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Top 5 Things To Consider Before Your Solo Trip...

Written by 
Lift off Lift off Karen Sze

So you've decided to hit the road, by yourself – talk about being adventurous and brave!! Congrats! :) Whether this is something daunting or just a walk in the park for you, here are a few thoughts I'd like to share with you...

  1. Have a meal by yourself in a restaurant (before leaving home) – This might not be a big deal to some, however, I've met a couple of women who refuse to sit down in a restaurant and eat alone. Personally, I still have days where it gets difficult to be the only person in the whole restaurant eating by myself – especially during an extended journey and homesickness is setting in. I would look around and every other table is either occupied by a lovey-dovey couple, a group of friends or a family. You will meet new friends as you travel (trust me, you will!) who'd share meals with you but there will always be a meal or two where you have to go it alone and room service isn't an option. So this could be an experiment for you. Take yourself to a nice restaurant tonight. Do not check your smartphone every 5 seconds. Do not plug in your headphones. Do not bring a book / magazine / newspaper. Try to enjoy your meal and the atmosphere of the restaurant. Crack a joke with the wait staff. Surprise yourself.

  2. Familiarize yourself with your camera – Especially if you bought yourself a new one for this upcoming trip. I have done it before and will probably do it again in the future – treat myself to a new camera and not have enough time to learn the functions. Aside from learning how to turn the camera on and off, it's nice to know a few more basic functions. For example the Date/Time setting, I have countless photos taken during the day but the date stamp says ‘pm’ – very silly, really. The camera manufacturers are coming out with very user friendly models, however, sometimes it’s more fun to leave the Automatic setting behind and play around with the other shooting modes. If the User Manual isn't too bulky, take it along on that long haul plane ride.

  3. Be able to read a city map and/or a transit system map – unless you are comfortable with wandering endlessly. These days with many people dependent on their cars and navigation systems, it is not surprising that people are not able to orient themselves with a map. That familiar robotic voice might not be there, suggesting you make a left turn in 500m. I'm not suggesting you need to know how to use a compass...well you should if you are going camping or hiking. It just increases your independence and confidence when you can get yourself from point A to point B with minimal assistance. [N.B. The free maps they hand out in Paris do not show many of the little streets/alleys. So pay attention to street names instead of just keeping count how many street you have crossed – personal experience.]

  4. Upload photos of your family and friends onto your phone OR carry the prints with you – You never know when you need to look at a familiar face to comfort you. They are great for those homesick days. They are also great as conversation starters. Many times on my travels, complete strangers who are locals have approached me to start a conversation – sometimes they are simply curious and friendly, sometimes to practice their English. It is fun and it's safe.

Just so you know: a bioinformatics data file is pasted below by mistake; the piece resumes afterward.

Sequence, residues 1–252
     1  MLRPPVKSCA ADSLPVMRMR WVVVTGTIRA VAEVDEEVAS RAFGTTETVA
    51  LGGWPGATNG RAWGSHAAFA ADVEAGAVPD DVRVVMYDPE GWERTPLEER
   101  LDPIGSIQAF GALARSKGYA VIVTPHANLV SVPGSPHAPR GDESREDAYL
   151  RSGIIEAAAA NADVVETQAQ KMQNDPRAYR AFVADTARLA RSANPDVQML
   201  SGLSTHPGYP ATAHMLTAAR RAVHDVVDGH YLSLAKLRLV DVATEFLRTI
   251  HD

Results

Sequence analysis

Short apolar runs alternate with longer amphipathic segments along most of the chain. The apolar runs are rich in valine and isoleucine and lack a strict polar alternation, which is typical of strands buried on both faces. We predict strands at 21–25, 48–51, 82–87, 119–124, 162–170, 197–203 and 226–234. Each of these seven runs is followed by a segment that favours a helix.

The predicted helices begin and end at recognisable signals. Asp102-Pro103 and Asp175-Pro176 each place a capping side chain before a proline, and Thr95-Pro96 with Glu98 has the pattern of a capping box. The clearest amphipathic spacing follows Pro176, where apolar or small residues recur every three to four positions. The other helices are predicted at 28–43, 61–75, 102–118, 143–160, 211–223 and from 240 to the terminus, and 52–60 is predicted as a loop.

5. Take a walk in a park or down a quiet street at night – Find your comfort level. You are still in your "backyard" so you know the area but a street can feel completely different at night and empty. To minimize the potential shock to your system of being alone, test your boundaries beforehand. Take along a small flashlight or torch (waterproof if possible) on your trip, it will come in handy, especially if your destination is known for brown outs.

Sometimes a little mental preparation can help make your journey a lot more enjoyable. Bon Voyage!

Karen Sze

I have been traveling since I was 8 months old. This world is too beautiful and needs to be seen up close and personal. I want to learn about different cultures, their approach to life and what we take for granted in the First World Countries. Now I have created "Single Woman Travels" to inspire more women (and men) to explore this awesome place we call home. Now that I have left my 9 to 5 desk job, I'm ready to explore new career paths and the world. Let's travel together and share our knowledge.

Spirituality + Travels = Alchemy of Self

Former Structural Engineer. Constant Traveler. Amateur Photographer. Film addict. Yogini.

Website: SingleWomanTravels.com

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0 # Karen Sze 2012-09-19 14:30
Thanks Rome and Ice, that's a good point! I'd like to add, perhaps if your camera allows for your own Custom modes that would be fun to setup in advance. For example, you can preset the setting for night scene with exposure time, then you can quickly switch over to that Custom mode in a jiffy :)
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0 # Karen Sze 2012-09-19 14:22
Thanks Aaron! It's funny how we'd find the cell phone as a source of comfort... I used to just bite my nails as a kid. How things have changed! ;)
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0 # Rome and Ice 2012-09-18 21:13
Solid advice, Karen. I would also recommend learning how to set your camera in auto shoot mode so you can catch pictures of youself enjoying your new surroundings.
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0 # Aaron 2012-09-14 17:07
Great tips! Have done the eating out alone around home thing and it's really helped when traveling. Though always do feel the urge to pull out the phone, to ease the comfort level. :)
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